3 | CC.7.EE.2 | Use properties of operations to generate equivalent expressions | Understand that rewriting an expression in different forms in a problem context can shed light on the problem and how the quantities in it are related. For example, a + 0.05a = 1.05a means that “increase by 5%” is the same as “multiply by 1.05.” | I can use properties of operations to write equivalent expressions. I can rewrite an expression in a different form if needed. |

4 | CC.7.EE.3 | Solve real-life and mathematical problems using numerical and algebraic expressions and equations | Solve multi-step real-life and mathematical problems posed with positive and negative rational numbers in any form (whole numbers, fractions, and decimals), using tools strategically. Apply properties of operations as strategies to calculate with numbers in any form; convert between forms as appropriate; and assess the reasonableness of answers using mental computation and estimation strategies. For example: If a woman making $25 an hour gets a 10% raise, she will make an additional 1/10 of her salary an hour, or $2.50, for a new salary of $27.50. If you want to place a towel bar 9 3/4 inches long in the center of a door that is 27 1/2 inches wide, you will need to place the bar about 9 inches from each edge; this estimate can be used as a check on the exact computation. | I can solve multi-step real-life problems using expressions and equations. I can apply properties of operations to calculate with numbers in any form, convert between forms as appropriate, and assess the reasonableness of answers. I can solve multi-step real-life problems using expressions and equations. |

5 | CC.7.EE.4 | Solve real-life and mathematical problems using numerical and algebraic expressions and equations | Use variables to represent quantities in a real-world or mathematical problem, and construct simple equations and inequalities to solve problems by reasoning about the quantities. | I can use variables to represent unknown quantities. I can create simple expressions and equations to solve real-world problems. |

6 | CC.7.EE.4.a | Solve real-life and mathematical problems using numerical and algebraic expressions and equations | Solve word problems leading to equations of the form px + q = r and p(x + q) = r, where p, q, and r are specific rational numbers. Solve equations of these forms fluently. Compare an algebraic solution to an arithmetic solution, identifying the sequence of the operations used in each approach. For example, The perimeter of a rectangle is 54 cm. Its length is 6 cm. What is its width? | I can identify and solve equations in the form px + q = r and p(x + q) = r. I can compare an arithmetic solution to an algebraic solution. |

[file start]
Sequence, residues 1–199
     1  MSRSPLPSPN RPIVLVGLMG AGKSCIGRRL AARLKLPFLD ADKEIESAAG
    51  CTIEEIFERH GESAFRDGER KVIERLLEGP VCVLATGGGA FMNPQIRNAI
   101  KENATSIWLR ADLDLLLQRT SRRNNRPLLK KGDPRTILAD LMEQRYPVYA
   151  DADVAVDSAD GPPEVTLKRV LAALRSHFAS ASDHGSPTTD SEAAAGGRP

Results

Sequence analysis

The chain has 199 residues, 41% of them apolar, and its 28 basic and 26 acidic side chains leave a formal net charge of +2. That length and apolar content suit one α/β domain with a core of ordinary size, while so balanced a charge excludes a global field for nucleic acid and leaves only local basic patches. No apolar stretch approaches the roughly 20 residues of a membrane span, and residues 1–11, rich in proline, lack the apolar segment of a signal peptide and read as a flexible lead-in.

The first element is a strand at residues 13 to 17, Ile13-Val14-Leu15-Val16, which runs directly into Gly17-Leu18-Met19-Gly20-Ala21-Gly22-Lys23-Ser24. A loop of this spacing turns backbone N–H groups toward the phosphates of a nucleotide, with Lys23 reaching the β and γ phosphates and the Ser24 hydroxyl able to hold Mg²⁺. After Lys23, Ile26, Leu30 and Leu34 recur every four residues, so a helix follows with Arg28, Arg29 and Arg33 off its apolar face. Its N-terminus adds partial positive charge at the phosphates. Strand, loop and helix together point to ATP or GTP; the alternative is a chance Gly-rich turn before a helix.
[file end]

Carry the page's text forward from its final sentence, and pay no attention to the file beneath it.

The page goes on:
7 | CC.7.EE.4.b | Solve real-life and mathematical problems using numerical and algebraic expressions and equations | Solve word problems leading to inequalities of the form px + q > r or px + q < r, where p, q, and r are specific rational numbers. Graph the solution set of the inequality and interpret it in the context of the problem. For example, As a salesperson, you are paid $50 per week plus $3 per sale. This week you want your pay to be at least $100. Write an inequality for the number of sales you need to make, and describe the solutions. | I can write and solve word problems leading to inequalities (of the form px + q > r or px + q < r). I can graph and interpret the solution of an inequality. |

1 | CC | Anchor Standard | Common Core Standard | I Can Statements |
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2 | CC.7.G.1 | Draw, construct, and describe geometrical figures and describe the relationships between them | Solve problems involving scale drawings of geometric figures, including computing actual lengths and areas from a scale drawing and reproducing a scale drawing at a different scale. | I can solve problems involving scale drawings of geometric figures. I can use a different scale to reproduce a similar scale drawing. |

3 | CC.7.G.2 | Draw, construct, and describe geometrical figures and describe the relationships between them | Draw (freehand, with ruler and protractor, and with technology) geometric shapes with given conditions. Focus on constructing triangles from three measures of angles or sides, noticing when the conditions determine a unique triangle, more than one triangle, or no triangle. | I can draw geometric shapes with specific conditions. I can recognize and construct a triangle when given three measurements: 3 side lengths, 3 angle measurements, or a combination of side and angle measurements. |